Creatine — the pound-for-pound performance supplement king — is synthesized by the body from arginine, methionine and glycine and is stored in skeletal muscle. During exercise, it plays a fundamental role in energy production by forming the adenosine triphosphate (ATP) needed for explosive muscle contractions.
The abundance of available positive research comes from studies using the monohydrate form of creatine. When taken after exercise, it can replenish and significantly boost muscle creatine stores. Having extra creatine around after training not only provides energy substrates for future exercise bouts but also promotes greater protein synthesis in recovery by physical and hormonal mechanisms. First, it increases the amount of water taken up by muscle cells, which swells the muscle and signals for increased repair. (Happily, it also makes your muscles look bigger.) Second, it increases the release of the anabolic hormone insulinlike growth factor-1 and decreases myostatin levels (the “anabolic brakes”).
HMB (-Hydroxy–Methylbutyric Acid)
HMB is an active anabolic metabolite of leucine and is found naturally in skeletal muscle. In the early 1990s, Steven L. Nissen, Ph.D., at Iowa State University discovered the important role of HMB in skeletal muscle protein synthesis. Since then, research has shown that HMB combined with regimented heavy training enhances recovery, increases lean body mass and decreases fat mass. While it’s effective for all hard-training athletes, HMB may hold even greater benefits in strength and power for those who are new to training or coming back from an extended layoff.
As with many supplements, past research on HMB was equivocal, mainly due to differences in study design and dosing. However, the most recent and rigorous studies illustrate that with intense training and high enough doses, HMB is a potent muscle-building supplement for individuals at all levels. L-Carnitine L-Tartrate (LCLT)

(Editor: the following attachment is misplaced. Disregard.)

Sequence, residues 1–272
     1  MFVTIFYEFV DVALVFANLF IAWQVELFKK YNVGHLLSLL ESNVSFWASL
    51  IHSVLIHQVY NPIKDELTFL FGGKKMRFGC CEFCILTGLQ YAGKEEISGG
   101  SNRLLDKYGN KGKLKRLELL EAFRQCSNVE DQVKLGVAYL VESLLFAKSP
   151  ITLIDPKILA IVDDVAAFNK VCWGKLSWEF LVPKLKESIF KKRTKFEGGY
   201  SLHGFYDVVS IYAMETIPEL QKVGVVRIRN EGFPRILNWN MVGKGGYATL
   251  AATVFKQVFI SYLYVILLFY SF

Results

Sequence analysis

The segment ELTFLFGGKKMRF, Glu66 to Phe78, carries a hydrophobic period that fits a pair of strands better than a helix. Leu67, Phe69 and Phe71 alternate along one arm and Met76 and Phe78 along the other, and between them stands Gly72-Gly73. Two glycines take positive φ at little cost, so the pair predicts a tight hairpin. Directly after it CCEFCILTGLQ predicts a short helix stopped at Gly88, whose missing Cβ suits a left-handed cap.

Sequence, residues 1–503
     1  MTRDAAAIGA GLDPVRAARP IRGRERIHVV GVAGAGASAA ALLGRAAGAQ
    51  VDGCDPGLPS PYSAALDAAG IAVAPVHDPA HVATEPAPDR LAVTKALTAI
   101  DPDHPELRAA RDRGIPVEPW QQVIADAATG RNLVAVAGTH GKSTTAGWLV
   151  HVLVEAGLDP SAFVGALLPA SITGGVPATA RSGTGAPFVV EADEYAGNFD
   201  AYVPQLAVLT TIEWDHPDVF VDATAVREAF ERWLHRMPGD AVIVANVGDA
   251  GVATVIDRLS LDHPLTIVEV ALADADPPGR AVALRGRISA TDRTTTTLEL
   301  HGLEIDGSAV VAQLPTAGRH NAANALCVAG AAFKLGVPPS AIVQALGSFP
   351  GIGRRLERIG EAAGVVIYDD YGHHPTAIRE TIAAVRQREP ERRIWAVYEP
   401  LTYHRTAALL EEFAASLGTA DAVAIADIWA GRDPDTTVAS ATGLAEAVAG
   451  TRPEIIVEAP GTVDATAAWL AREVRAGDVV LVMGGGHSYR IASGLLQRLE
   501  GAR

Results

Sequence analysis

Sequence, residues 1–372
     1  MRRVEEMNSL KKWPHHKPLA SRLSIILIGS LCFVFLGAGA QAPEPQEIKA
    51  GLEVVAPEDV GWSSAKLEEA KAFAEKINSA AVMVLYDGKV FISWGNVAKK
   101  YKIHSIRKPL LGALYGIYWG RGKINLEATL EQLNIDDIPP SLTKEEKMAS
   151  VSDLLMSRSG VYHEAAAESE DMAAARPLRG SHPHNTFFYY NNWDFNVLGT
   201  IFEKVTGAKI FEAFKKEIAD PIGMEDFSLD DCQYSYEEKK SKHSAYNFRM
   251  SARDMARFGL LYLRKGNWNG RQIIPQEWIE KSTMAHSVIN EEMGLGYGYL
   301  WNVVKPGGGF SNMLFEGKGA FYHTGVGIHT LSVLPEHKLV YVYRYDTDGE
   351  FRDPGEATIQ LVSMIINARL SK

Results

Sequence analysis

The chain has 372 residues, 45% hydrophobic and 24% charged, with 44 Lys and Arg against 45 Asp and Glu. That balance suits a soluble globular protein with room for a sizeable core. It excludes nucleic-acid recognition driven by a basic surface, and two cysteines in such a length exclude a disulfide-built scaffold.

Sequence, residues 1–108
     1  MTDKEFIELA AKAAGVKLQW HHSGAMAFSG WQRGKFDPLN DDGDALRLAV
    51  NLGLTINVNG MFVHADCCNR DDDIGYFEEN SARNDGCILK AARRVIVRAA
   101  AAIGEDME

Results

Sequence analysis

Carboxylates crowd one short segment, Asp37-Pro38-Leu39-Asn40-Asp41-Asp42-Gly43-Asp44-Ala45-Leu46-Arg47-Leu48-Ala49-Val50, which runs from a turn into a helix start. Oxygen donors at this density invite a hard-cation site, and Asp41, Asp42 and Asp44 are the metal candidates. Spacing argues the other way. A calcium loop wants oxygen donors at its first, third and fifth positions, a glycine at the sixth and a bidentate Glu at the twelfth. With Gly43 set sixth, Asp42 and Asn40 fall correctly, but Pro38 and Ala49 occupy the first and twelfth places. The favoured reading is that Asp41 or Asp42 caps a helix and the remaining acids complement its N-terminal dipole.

Carnitine is a compound synthesized by the liver and kidneys from the amino acids methionine and lysine. The blend of L-carnitine and L-tartrate produces a highly stable and bioavailable form of carnitine referred to as LCLT.
LCLT can be thought of as an anabolic catalyst, boosting the testosterone-mediated anabolic system in skeletal muscle and resulting in enhanced recovery and greater gains. The evidence comes from a randomized, double-blind, placebo-controlled study in which 21 days of LCLT supplementation were found to boost androgen (testosterone) receptor content in skeletal muscle and augment luteinizing hormone secretion (a signaling hormone for T production) in resistance-trained men.
A complementary study showed that LCLT supplementation reduced exercise-induced muscle tissue damage after heavy squatting. Carnitine also increases nitric-oxide production and enhances fat loss by transporting more fat to the mitochondria where it’s oxidized and turned into energy in the form of ATP. In other words, it helps you swole out your physique without straining another belt loop.